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Dissatisfaction With Your Own Songs is an Important First Step to Improvement

If you find that every song you write these days is leaving you feeling a bit disappointed, you may be on the verge of a significant leap forward in your songwriting abilities — if you approach that disappointment the right way.

The problem with dissatisfaction is that it quickly leads to frustration. Frustration is a much stronger emotion, and it leads almost directly to writer’s block.


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But dissatisfaction is a necessary step to improving your songwriting abilities. The key is knowing how to channel the negative feelings that come from dissatisfaction into something more positive, something that results in improvement, not a creative block.

Here’s how dissatisfaction can be a good thing:

  1. You used to be happy with the songs you write.
  2. At some point, they start to sound predictable, dated or otherwise unfulfilling.
  3. You realize that in fact what’s going on is that your songwriting ideas are expanding and becoming more complex, more intricate.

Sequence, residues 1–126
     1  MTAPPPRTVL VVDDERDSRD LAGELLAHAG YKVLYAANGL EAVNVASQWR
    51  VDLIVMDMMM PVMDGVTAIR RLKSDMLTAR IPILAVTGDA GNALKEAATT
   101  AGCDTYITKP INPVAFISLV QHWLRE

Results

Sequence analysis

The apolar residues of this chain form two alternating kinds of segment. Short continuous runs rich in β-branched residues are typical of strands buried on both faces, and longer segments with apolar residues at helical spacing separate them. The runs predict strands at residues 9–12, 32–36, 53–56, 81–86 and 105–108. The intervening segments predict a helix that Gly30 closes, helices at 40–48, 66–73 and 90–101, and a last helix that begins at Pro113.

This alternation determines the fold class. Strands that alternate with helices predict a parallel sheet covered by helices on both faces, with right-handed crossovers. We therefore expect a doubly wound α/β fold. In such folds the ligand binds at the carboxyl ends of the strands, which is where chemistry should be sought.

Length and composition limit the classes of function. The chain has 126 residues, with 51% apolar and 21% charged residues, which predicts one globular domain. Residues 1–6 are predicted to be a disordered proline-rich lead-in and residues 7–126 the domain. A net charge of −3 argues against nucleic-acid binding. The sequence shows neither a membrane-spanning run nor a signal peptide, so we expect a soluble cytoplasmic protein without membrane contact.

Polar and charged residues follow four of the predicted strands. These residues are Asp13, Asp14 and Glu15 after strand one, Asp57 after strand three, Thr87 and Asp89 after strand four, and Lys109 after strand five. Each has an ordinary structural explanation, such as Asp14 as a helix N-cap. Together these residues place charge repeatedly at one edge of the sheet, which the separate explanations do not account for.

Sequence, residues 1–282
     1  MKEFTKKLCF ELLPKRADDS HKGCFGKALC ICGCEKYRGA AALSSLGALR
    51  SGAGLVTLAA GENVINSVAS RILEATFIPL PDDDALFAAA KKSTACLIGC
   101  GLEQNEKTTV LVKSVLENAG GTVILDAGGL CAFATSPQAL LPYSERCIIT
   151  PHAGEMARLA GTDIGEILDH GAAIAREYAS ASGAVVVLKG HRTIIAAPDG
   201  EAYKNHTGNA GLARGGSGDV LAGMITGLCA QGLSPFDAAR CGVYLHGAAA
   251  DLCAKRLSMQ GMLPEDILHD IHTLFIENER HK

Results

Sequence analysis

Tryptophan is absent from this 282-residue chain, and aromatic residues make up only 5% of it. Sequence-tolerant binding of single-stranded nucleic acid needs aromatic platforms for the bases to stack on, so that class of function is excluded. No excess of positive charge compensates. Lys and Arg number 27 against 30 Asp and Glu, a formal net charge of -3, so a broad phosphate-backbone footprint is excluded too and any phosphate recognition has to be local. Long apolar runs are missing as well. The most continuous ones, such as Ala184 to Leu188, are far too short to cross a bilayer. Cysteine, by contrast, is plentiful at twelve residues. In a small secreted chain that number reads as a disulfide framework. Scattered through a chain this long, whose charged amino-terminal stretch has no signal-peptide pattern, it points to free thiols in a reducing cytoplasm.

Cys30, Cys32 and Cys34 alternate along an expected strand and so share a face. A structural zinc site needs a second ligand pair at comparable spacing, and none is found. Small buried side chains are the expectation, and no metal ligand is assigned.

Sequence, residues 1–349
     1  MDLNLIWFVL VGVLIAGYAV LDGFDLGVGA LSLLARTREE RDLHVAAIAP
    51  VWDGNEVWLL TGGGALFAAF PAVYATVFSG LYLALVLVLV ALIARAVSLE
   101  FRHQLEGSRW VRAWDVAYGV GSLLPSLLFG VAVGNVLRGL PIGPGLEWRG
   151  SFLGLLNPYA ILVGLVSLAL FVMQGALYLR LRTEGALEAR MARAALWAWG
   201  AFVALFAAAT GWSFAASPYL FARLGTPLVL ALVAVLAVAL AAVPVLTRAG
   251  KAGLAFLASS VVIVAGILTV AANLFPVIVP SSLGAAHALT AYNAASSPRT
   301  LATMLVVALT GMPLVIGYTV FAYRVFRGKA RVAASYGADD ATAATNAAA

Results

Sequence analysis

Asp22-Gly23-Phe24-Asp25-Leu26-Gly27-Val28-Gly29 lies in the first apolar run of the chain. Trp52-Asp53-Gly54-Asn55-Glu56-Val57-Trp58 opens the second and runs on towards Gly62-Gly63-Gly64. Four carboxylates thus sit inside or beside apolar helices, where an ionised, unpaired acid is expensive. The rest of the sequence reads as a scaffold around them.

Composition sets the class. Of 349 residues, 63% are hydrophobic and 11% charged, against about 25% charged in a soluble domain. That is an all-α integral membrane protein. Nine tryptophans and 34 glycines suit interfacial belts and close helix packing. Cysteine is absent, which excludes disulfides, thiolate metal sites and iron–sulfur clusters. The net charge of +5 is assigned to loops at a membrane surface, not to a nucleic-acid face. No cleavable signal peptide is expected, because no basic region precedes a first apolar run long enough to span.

4. Without disowning the older songs you’ve written, you allow your songwriting style to modify and naturally evolve.

And probably what’s most important is that instead of feeling frustrated with your older songs, you credit that dissatisfaction with moving you in new and innovative directions.

Remember that if you have a healthy fan base, some of those followers will not be happy with whatever new direction your songwriting takes. And that means dealing with a certain amount of fan frustration.

But for every fan you might lose because of the development of your songwriting style, you’ll gain new ones and keep many older ones. The net result should be a larger fan base that has an appreciation for you as a naturally developing musician. For example, fans of The Beatles music from Sgt. Pepper onward mainly still have a deep appreciation for the earlier Beatles music.

The key here is to do whatever you can to not allow songwriting dissatisfaction turn into frustration. Even if you’re not happy with your older songs, remember that the work you did to bring those songs to life was a necessary step in the songwriter you are becoming.


Gary EwerWritten by Gary Ewer. Follow Gary on Twitter.

How to Harmonize a Melody, 2nd ed.“The Essential Secrets of Songwriting” eBook bundle includes “How to Harmonize a Melody”. Discover the secrets to adding chords to that melody you’ve come up with. A step-by-step process, with sound samples to guide you.

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